Encompassing 1,975 square feet (185 metres), the home sits on a property with gardens and more than 40 types of Japanese maple trees, all of which are meticulously maintained by the clients.
The elaborate landscaping played a key role in the design process, as it limited the home’s footprint yet provided an opportunity to create living spaces that engage with outdoors.
“The resulting design is a compact volume penetrated by slot gardens and entry decks that both define space within the house and erode the boundary between interior and exterior,” said Merge Architects, a Boston studio founded in 2003 by architect Elizabeth Whittaker.
The firm clad the dwelling in large expanses of glass and panels of weathering steel with a “tree-trunk hue”. The home’s rectilinear geometries are designed to stand in contrast with the landscape.
Square in plan, the architect carved away portions of the box to create setbacks and voids.
At the centre of the home is a 30-square-foot (2.7-square-metre) courtyard that features a single Himalayan birch tree.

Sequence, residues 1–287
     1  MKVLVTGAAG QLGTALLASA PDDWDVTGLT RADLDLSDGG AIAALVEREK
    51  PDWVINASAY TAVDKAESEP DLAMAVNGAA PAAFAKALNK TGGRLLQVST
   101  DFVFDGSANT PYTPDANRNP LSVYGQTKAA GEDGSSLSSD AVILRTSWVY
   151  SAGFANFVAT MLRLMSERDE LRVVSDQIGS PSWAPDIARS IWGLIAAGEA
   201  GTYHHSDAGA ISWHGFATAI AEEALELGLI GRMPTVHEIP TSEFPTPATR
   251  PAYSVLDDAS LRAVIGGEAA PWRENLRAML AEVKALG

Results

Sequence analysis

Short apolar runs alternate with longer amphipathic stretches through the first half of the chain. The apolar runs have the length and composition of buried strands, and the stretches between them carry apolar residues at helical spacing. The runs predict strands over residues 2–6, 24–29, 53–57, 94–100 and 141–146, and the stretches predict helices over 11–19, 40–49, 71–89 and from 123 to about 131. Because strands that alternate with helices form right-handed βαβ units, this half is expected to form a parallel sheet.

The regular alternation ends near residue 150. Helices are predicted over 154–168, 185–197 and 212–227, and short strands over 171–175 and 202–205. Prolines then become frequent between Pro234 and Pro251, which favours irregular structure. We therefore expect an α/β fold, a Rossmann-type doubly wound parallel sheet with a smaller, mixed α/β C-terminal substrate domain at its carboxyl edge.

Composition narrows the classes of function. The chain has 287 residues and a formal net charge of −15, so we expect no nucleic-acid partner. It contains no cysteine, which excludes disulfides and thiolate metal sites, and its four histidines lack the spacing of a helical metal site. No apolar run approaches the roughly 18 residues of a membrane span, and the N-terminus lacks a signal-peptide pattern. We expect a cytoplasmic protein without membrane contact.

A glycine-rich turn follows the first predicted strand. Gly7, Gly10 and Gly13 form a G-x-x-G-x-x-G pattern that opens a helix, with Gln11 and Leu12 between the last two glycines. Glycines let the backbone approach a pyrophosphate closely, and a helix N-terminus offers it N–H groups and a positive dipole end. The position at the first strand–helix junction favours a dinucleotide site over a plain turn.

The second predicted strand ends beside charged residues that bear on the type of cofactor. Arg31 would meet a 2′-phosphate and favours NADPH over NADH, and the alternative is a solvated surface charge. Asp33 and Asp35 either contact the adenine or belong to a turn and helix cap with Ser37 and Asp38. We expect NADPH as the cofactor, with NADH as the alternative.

Intended to collect rain in the summer and snow in the winter, the glass-enclosed garden is designed to enable occupants to feel connected to the natural elements.
Each room in the house is paired with at least one garden. Floor-to-ceiling windows enable clients to “visually inhabit the garden”, while recessed areas of the home limit views from neighbours and passers-by.
Visitors enter through a front door that is set back slightly from the facade. A foyer leads into a double-height space containing the kitchen, dining area and living room.
Upstairs, the architect placed the master bedroom, the child’s bedroom and an office.
The space is fitted with Ikea cabinetry, white oak floors and a black wood-burning stove. Clerestories and large windows enable natural light to flood the interior.
Photography is by John Horner.
Principal-In-Charge: Elizabeth Whittaker
Project Manager: Amit Oza
Project Designer: Allison Austin
Design Team: Jamie Pelletier, Anne-Sophie Divenyi, Duncan Scovil
Structural Engineer: Evan Hankin
Steel Fabrication: Ramos Iron Work
General Contractor: Evergreen Group Company, Inc
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